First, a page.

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Elevated Rights - Privilege Guard

 

Elevated Rights - Privilege Guard

By default, DCU staff are not given administrative rights to install software on their machines.  Restricting blanket administrative rights is one of the most effective options for improving device and network security - should a computer be compromised in any way, it should only affect the current user rather than the entire system.  Restricting administrative rights also allows ISS to maintain an accurate baseline of installed systems, cutting down on the number of support issues due to unknown/unsupported system configurations.  DCU and ISS operate in a regulatory framework that necessitates ISS having an element of control and visibility over our ICT infrastructure for auditing purposes.

However, ISS recognise that there are many cases where administrative rights are required - installing and patching software, configuring certain windows functionality, and poorly written legacy software that requires administrative access to run.  In mitigating these cases, ISS will endeavour to follow the principle of least privilege - that is, users should carry out their work using the least amount of security privilege to complete these tasks.  When a user encounters a situation whereby they need additional security privileges to carry out a task, the principle of elevation should apply - this being that only the task requiring the additional privileges should be given these privileges, and once complete the user should continue at their normal level of privilege.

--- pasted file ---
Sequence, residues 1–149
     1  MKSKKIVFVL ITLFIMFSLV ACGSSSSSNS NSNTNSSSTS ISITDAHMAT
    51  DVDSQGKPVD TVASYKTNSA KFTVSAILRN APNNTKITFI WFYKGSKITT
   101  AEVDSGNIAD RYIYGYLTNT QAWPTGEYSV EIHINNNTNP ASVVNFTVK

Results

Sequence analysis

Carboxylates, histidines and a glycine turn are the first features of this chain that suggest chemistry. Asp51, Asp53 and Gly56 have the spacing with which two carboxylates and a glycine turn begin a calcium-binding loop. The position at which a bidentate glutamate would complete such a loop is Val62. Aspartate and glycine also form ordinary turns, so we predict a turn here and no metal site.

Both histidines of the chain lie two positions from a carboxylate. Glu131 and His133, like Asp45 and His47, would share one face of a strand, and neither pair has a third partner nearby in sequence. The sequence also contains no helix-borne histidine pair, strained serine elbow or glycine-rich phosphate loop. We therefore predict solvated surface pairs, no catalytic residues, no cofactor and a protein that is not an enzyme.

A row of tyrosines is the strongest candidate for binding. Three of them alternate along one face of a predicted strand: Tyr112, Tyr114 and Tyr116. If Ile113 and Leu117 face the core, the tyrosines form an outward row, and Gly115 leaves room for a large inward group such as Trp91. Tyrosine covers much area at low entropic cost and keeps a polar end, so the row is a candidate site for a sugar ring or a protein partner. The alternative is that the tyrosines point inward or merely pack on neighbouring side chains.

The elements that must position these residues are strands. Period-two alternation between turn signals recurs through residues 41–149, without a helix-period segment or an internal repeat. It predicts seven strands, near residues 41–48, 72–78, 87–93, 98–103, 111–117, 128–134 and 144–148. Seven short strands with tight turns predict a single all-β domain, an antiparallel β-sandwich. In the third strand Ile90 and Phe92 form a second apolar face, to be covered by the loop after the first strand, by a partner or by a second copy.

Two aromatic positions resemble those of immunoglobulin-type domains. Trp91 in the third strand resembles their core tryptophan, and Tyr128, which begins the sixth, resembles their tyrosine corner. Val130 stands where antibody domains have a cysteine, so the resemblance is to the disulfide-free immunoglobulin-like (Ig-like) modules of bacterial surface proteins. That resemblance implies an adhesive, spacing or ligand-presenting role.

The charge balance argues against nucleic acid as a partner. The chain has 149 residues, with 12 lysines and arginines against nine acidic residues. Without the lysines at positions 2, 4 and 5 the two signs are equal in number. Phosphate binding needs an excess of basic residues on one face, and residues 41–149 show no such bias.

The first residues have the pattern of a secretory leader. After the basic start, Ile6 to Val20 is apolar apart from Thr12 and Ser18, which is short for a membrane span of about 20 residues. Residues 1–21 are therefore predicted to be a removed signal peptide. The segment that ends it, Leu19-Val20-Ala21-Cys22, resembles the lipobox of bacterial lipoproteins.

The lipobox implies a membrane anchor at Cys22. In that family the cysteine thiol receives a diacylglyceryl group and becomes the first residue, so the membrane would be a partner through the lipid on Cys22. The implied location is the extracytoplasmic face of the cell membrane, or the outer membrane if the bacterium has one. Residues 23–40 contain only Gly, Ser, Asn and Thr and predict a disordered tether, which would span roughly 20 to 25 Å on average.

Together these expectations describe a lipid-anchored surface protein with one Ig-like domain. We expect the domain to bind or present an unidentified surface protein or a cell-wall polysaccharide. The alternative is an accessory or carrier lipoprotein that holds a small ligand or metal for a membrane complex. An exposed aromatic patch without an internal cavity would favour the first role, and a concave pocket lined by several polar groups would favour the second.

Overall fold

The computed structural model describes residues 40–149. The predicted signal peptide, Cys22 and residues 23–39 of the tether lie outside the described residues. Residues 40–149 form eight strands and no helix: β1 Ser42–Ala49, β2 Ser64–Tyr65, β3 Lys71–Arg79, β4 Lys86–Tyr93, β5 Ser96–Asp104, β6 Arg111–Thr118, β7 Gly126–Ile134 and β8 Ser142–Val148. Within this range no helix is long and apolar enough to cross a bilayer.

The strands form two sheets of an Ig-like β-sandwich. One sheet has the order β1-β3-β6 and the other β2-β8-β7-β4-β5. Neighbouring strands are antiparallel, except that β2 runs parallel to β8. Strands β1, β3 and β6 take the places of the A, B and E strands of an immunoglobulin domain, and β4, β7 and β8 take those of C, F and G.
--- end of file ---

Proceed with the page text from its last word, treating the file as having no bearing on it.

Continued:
In order to meet the needs of users requiring administrative privileges as well as implementing the two aforementioned principles of least privilege and elevation, ISS have put in place a number of systems to allow the DCU community work with minimal interruption:

  1. The creation and deployment of pre-defined software packages.  ISS can package commonly used software into single click installers that do not require administrative credentials to install.  These packages are known as bundles.  This approach works best for commonly installed software such as Microsoft Office and SPSS.
  2. The use of an application whitelisting tool.  It is possible for ISS to whitelist certain applications and system functions (e.g. Windows Backup, Disk Defrag) to automatically run with administrative privileges.  This approach works well for software that needs to run with administrative credentials, Windows functionality and software auto-updaters (e.g. Apple Software Update, Adobe Reader updater)
  3. The use of an elevation on demand tool.  ISS can grant users the right to run software with administrative privileges on demand.  This approach works best for users who regularly install and remove specialised software.

To request elevated rights for your system please submit form below:

https://www.dcu.ie/iss/privilege-guard-form.shtml